Dr. Colditz used prospective data from the Nurses' Health Study to identify the unique effect of current use of postmenopausal hormones on breast cancer. The risk was greatest in women who took the combined estrogen plus progestin hormones for a longer period of time compared to the women who estrogen alone. This result was confirmed in epidemiologic studies and randomized controlled trials (RCTs). This finding and its confirmation led to estimates that up to 10% of postmenopausal breast cancer was caused by use of combination estrogen plus progestin, as reflected in the decline in breast cancer incidence following the report from the WHI.
After graduating with his DrPH from Harvard School of Public Health in 1986, Dr. Colditz led the daily operation of the Nurses' Health Study for 20 years, serving as PI for 10. His collaborations with breast pathologists confirmed that proliferative benign lesions were markers of subsequent breast cancer risk. He now studies these lesions as endpoints relating childhood and adolescent diet and physical activity to breast cancer risk. Dr. Colditz’s recent work complements his seminal synthesis to focus research on exposures in childhood and adolescence as key intervals for breast cancer etiology and prevention. He developed an adolescent cohort to address diet and physical activity in relation to excess weight gain; and development of benign breast lesions and breast cancer.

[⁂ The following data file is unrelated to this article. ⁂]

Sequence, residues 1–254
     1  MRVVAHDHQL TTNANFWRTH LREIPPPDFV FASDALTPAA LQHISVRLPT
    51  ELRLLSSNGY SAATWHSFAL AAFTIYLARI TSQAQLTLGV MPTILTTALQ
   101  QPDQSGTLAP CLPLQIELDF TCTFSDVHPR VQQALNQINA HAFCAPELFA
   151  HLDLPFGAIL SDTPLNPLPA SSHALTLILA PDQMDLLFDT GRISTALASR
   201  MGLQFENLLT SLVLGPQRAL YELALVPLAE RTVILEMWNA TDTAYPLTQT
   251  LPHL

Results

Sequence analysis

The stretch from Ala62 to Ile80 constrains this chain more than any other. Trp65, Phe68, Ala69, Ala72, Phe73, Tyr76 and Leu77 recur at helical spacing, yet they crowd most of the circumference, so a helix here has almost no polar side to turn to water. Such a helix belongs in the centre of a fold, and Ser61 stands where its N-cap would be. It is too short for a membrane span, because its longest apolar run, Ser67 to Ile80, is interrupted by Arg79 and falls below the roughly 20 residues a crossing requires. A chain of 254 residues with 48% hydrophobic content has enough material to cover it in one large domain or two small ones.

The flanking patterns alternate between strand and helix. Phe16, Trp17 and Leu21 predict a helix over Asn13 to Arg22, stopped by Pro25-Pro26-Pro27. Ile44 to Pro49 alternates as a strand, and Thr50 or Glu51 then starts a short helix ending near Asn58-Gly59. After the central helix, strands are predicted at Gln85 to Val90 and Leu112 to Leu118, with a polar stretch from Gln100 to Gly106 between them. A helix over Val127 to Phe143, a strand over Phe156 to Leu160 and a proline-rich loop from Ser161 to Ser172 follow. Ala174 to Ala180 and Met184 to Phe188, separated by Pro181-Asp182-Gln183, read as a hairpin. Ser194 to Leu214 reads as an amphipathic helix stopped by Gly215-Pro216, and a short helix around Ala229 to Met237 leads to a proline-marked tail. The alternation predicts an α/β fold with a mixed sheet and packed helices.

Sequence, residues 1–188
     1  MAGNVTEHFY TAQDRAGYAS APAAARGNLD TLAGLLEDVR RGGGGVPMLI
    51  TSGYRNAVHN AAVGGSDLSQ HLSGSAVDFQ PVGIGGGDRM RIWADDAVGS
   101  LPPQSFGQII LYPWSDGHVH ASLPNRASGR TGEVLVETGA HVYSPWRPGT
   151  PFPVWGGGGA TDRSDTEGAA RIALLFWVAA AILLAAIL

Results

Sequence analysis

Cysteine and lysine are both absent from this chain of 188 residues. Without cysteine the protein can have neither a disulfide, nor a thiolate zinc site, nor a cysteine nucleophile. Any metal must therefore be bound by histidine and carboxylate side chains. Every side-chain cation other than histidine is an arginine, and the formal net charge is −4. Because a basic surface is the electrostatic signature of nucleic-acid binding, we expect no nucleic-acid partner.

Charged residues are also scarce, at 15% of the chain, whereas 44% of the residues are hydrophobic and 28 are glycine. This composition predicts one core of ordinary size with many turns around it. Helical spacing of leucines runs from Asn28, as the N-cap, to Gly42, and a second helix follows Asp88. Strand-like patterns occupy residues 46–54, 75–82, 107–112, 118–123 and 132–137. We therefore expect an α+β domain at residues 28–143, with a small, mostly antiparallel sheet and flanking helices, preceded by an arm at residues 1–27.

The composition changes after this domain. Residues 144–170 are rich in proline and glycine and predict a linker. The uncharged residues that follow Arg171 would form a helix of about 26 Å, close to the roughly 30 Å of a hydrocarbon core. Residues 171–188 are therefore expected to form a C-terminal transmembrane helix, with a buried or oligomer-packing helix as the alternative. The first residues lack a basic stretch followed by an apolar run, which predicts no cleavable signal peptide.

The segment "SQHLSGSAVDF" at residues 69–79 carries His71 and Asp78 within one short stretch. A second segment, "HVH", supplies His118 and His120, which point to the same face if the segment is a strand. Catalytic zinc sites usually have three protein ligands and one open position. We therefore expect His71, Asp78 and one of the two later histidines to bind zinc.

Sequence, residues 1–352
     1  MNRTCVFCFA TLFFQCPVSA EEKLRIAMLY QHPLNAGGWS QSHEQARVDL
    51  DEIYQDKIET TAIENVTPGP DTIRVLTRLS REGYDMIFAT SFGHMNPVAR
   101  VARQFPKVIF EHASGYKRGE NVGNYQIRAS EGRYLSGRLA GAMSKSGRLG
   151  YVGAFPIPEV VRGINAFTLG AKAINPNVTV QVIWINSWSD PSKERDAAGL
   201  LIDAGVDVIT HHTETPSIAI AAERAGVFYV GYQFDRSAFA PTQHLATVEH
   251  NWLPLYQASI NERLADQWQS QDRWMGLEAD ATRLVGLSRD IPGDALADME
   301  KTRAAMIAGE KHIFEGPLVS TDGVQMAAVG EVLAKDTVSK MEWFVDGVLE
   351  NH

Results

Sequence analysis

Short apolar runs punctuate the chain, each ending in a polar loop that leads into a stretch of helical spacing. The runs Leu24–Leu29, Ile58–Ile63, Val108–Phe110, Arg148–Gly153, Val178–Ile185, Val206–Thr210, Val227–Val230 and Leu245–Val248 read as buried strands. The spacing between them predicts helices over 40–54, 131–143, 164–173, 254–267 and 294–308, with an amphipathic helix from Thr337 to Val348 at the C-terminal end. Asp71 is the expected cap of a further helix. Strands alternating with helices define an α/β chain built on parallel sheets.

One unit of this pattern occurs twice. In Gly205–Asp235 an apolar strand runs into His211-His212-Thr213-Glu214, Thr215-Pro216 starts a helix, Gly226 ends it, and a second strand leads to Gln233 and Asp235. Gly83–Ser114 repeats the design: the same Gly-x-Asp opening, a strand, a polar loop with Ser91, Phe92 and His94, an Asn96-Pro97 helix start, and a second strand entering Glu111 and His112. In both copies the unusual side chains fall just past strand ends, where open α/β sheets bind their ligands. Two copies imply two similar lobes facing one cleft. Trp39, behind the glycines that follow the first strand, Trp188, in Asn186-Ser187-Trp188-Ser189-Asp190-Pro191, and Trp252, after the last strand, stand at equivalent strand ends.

With a commitment to identifying preventable causes of chronic disease among women and adolescents, Dr. Colditz continues to study benign breast disease and other markers for risk of breast cancer. Other areas of his expertise include tobacco and obesity in relation to cancer and other chronic diseases. Dr. Colditz developed the award-winning Your Disease Risk website (www.yourdiseaserisk.wustl.edu
) which communicates tailored prevention messages to the public. He has published over 870 peer-reviewed original publications, 140 editorials, book chapters and review articles, six books and contributed to six reports for the Institute of Medicine, National Academies of Health.
Dr. Colditz’s strong commitment to teaching and mentoring is reflected in the development of the first course focusing solely on primary prevention of cancer; and through mentoring numerous investigators. For his research on breast cancer epidemiology and prevention he was awarded an ACS Clinical Research Professorship in 2003; the DeWitt Goodman Lectureship by AACR in 2003, and the ASPO distinguished achievement award in 2004. In 2011, he was awarded the ACS Medal of Honor for cancer control research. He has served as Editor in Chief, Cancer Causes and Control (1998-2006); has served on numerous NIH and NCI peer review committees (including terms as a permanent member of program project and CCSG review committees) and as Chair of Epidemiology of Cancer study section (EPIC), from 2009 to 2011. In October 2006, on the basis of professional achievement and commitment to public health, Dr. Colditz was elected to membership of the Institute of Medicine, an independent body that advises the U.S. government on issues affecting public health.